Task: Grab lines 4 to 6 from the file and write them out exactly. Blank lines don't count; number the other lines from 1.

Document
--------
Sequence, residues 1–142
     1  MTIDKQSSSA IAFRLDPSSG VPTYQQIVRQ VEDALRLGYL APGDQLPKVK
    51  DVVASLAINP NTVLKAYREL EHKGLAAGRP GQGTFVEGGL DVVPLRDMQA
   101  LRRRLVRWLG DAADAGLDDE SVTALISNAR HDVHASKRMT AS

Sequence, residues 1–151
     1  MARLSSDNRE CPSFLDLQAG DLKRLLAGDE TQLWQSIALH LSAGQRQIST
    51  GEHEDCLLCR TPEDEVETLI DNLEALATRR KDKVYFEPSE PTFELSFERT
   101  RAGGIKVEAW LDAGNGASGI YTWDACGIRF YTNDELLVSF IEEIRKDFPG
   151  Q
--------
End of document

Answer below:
   101  LRRRLVRWLG DAADAGLDDE SVTALISNAR HDVHASKRMT AS

Sequence, residues 1–151
     1  MARLSSDNRE CPSFLDLQAG DLKRLLAGDE TQLWQSIALH LSAGQRQIST